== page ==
Prepared by Elisabeth Lindsay.
is the act of protecting cultural and historical records from loss or decay, to preserve them for future generations. The aim of preservation is to minimize chemical and physical deterioration and prevent the loss of informational content. Many records fall into this category, including paper documents, photographs, film, tape -- virtually anything of cultural or historical value that can be lost, damaged, or broken. Besides time itself, light, temperature extremes, humidity, and storage methods may accelerate deterioration, which preservation techniques can help to alleviate.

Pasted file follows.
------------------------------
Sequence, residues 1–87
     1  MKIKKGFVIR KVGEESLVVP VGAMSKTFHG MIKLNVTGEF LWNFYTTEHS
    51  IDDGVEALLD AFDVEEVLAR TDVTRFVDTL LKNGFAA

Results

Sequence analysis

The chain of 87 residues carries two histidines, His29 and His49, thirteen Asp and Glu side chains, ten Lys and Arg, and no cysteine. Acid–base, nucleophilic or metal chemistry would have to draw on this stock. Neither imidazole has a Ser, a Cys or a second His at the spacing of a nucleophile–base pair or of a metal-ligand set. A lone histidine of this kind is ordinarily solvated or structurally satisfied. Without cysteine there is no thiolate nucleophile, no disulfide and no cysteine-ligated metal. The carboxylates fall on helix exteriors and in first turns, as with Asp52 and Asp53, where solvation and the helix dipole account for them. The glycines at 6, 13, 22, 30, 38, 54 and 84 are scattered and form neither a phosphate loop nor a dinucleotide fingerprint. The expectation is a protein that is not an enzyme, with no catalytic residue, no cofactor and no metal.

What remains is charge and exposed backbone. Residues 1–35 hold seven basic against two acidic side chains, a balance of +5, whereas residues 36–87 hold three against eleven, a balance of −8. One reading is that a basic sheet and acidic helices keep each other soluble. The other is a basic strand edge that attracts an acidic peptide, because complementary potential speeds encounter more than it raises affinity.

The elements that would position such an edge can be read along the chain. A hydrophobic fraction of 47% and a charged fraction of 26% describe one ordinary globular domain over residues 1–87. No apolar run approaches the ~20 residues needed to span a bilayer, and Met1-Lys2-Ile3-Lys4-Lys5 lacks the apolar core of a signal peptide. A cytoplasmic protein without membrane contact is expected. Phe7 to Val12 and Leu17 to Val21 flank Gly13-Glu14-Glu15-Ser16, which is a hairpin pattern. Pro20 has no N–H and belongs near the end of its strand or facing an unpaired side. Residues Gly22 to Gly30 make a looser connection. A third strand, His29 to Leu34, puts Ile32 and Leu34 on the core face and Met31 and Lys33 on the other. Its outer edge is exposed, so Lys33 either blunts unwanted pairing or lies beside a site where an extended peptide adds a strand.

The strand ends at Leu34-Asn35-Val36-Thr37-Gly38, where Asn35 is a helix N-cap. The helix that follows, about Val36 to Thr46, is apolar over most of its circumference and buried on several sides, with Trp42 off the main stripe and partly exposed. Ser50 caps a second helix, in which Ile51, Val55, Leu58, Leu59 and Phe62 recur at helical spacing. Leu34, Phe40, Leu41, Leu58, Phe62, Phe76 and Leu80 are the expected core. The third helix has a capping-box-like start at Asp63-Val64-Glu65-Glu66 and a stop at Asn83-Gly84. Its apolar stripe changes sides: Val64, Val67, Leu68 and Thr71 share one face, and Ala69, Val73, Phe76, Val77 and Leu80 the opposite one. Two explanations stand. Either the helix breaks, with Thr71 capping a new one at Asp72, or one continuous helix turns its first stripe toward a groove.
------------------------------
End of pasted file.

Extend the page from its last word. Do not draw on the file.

While libraries and archives may enlist professional preservationists, for genealogists and family history researchers, preservation can be the simple act of storing documents and photographs in acid-free folders and boxes; scanning or otherwise digitizing documents, photos, films and tapes to preserve them in their current state; and then distributing copies to prevent loss in case of fire or natural disaster. Many online resources are available to guide researchers in preservation techniques, in addition to the many products and technologies to aid the process. You may also consult Genealogy Today for articles on preserving documents and photos.
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